Every year there are a few critically acclaimed movies that go unnoticed by the Academy, and 2017 is no different.
La La Land landing the biggest number of nominations since Titanic wasn’t exactly a surprise – nor was the Academy redeeming itself from the #OscarsSoWhite row of recent years.
However, leaving out some of the best independent productions of the year – while handing out nominations to box office and critical flops such as Suicide Squad and Passengers – was bound to raise a few eyebrows.
Here is a list of some of the most critically acclaimed movies which failed to make the Oscars cut.
Paterson, Jim Jarmusch
Adam Driver’s performance as an unpublished poet driving around New Jersey in a public bus was praised by critics all round, with The Guardian’s Peter Bradshaw calling it “a delight” and Empire’s Helen O’Hara describing it as the actor’s “best performance yet”.
But Jarmusch’s “quiet, thoughtful and deeply human” movie was maybe too quiet for the Academy to notice, despite being nominated for the Palme d’Or in Cannes.
The Handmaiden, Park Chan-wook
This erotic South Korean romance received rave review across the industry, with The Atlantic’s David Sims calling it “a dizzying, disturbing fable of love and betrayal that overloads the viewer with luxurious imagery”, while Vulture’s David Edelstein named it simply “the year’s most irresistible romance”.
The fact that it wasn’t considered in the best foreign language is hardly the Academy’s fault, since South Korea failed to present it as the country’s official Oscar entry.
That doesn’t explain, however, the fact that neither its cinematography nor its production made the cut.
A Bigger Splash, Luca Guadagnino
From the acclaimed director of I Am Love, this weird, intimate family movie will be remembered for one of the year’s best performances.
Ralph Fiennes had been tipped for an Oscar since the movie’s Cannes debut, but not even his extravagant dance moves walking the red carpet of the French Riviera grabbed the Academy’s attention.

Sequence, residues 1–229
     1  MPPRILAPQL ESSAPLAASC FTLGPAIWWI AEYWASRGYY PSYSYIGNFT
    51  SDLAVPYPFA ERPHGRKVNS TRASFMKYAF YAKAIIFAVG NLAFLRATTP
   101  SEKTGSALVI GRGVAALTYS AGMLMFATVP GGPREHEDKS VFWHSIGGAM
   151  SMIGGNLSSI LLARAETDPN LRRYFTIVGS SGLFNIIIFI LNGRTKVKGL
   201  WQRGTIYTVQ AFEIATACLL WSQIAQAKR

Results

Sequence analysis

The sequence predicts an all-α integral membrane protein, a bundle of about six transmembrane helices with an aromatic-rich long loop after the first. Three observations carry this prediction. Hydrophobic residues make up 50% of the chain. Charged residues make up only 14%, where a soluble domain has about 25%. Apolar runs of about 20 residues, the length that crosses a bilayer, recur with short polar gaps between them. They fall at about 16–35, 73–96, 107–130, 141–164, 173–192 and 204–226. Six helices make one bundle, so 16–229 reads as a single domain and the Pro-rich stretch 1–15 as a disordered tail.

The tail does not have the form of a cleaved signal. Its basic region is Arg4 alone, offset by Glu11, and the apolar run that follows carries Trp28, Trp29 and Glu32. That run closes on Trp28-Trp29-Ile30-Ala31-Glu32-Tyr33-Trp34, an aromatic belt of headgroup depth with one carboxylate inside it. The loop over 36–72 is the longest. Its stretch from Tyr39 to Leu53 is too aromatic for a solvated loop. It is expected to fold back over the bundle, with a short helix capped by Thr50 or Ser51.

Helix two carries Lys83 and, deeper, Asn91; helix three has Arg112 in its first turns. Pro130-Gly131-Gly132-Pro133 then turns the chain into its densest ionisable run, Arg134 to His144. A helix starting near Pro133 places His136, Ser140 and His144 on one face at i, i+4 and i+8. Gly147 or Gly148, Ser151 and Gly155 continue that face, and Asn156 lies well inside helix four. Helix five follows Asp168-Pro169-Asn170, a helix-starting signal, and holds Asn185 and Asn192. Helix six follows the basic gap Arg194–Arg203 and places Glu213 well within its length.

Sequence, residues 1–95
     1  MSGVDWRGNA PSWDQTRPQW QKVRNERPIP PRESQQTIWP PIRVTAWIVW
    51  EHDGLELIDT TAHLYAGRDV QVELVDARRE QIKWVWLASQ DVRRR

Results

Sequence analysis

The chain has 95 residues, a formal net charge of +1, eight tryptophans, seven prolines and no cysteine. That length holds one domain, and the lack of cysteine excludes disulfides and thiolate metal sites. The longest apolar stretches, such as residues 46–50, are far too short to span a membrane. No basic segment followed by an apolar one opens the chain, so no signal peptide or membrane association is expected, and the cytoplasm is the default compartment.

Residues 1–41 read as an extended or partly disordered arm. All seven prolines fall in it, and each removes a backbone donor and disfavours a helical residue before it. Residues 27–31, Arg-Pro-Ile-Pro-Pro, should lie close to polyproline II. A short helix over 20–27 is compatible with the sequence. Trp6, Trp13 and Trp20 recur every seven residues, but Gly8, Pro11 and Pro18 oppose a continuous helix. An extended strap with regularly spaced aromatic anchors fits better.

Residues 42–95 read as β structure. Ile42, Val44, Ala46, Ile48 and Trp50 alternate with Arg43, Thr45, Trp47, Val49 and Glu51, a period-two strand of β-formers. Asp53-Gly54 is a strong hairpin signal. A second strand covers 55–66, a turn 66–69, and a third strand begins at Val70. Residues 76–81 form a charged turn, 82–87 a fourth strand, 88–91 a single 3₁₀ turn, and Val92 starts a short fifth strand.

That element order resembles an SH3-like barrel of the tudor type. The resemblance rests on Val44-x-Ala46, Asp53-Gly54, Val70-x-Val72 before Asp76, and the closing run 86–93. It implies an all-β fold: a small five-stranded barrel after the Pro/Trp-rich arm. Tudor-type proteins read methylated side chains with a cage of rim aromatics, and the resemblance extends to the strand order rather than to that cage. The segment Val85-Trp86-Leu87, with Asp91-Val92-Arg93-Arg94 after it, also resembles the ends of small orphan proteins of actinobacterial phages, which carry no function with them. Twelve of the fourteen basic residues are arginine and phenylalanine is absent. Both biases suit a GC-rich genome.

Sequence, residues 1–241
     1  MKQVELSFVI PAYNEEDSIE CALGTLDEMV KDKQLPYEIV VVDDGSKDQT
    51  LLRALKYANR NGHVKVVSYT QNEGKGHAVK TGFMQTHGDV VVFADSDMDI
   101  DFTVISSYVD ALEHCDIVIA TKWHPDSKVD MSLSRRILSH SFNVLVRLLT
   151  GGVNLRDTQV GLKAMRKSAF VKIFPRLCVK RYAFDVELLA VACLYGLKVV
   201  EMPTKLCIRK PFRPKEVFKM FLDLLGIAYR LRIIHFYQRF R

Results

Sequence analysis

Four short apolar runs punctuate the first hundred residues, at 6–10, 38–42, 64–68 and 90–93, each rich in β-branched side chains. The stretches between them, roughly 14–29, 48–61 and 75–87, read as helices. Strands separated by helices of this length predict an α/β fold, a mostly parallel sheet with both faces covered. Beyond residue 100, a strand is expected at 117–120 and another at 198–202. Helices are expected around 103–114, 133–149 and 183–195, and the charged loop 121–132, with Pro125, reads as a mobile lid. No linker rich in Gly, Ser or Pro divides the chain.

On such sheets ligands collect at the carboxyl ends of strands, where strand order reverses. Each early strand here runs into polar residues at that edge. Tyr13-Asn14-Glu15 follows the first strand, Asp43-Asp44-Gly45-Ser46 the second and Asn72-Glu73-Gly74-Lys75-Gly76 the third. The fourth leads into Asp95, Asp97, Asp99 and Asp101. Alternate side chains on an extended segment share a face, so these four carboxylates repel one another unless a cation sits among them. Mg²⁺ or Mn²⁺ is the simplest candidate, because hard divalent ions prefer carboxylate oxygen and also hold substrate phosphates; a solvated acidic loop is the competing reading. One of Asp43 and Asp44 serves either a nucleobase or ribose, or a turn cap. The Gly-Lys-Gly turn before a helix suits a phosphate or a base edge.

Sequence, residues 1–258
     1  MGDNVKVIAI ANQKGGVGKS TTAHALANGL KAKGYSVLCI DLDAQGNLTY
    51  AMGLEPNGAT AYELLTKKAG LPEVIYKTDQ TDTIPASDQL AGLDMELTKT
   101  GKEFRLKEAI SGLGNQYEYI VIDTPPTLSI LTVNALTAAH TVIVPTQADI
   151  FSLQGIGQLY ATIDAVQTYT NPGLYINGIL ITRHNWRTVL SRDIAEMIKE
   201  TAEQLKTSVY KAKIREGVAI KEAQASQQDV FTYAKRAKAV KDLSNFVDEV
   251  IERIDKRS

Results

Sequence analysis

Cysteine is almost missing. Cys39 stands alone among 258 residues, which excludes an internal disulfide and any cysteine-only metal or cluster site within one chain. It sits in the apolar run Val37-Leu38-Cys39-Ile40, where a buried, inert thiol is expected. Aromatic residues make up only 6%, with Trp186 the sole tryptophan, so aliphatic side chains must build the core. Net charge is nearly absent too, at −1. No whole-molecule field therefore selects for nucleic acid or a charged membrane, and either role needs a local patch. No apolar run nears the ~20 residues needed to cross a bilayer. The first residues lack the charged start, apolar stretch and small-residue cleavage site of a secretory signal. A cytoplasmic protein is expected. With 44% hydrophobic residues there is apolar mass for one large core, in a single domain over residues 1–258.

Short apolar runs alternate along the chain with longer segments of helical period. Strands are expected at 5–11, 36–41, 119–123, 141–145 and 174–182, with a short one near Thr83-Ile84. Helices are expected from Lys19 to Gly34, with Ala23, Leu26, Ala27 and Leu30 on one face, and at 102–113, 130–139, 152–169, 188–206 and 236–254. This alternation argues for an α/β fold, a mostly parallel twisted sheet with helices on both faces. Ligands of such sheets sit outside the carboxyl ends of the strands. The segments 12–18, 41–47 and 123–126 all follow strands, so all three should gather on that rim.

American Honey, Andrea Arnold
Much was said about the lack of British talent in this year’s nominations, and one serious snub was Andrea Arnold’s US road trip movie American Honey.
The Guardian’s Mark Kermode called it “tough but tender”, while Peter Bradshaw criticised its omission from the BAFTAs, saying it “left a bad taste”.
Arnold can find some solace in the fact that the film won the Palme d’Or at Cannes, even if it did fly under the radar at most major awards.
Certain Women, Kelly Reichardt
Another indie hit, Certain Women triumphed at the box office while conquering the critics’ hearts.
The slow-burner stars Kristen Stewart and Michelle Williams in the wide plains of the US northwest, and could have been – together with American Honey – a chance for the Academy to recognise the work of two of the most talented female directors of our time.
Williams did get her Oscar nomination though, but for her role in Kenneth Lonergan’s Manchester By The Sea.
Hunt For The Wilderpeople, Taika Waititi
Empire’s best film of the year, best international film at the BIFAs and a five-star earner around the world, Waititi’s nuance comedy failed to tickle the Academy’s funny bone.
Newcomer Julian Dennison, who plays a troubled teenager stranded in the New Zealand wilderness, was praised by critics, with Empire’s Dan Jolin describing it as a balance between humanity and comedy.
Also notoriously absent from this year’s ceremony is Arrival star Amy Adams, 20th Century Women’s Annette Bening and directors Clint Eastwood and Martin Scorsese.
The ceremony, hosted by US talk show host Jimmy Kimmel, will be held at Hollywood’s Dolby Theatre on 26 February.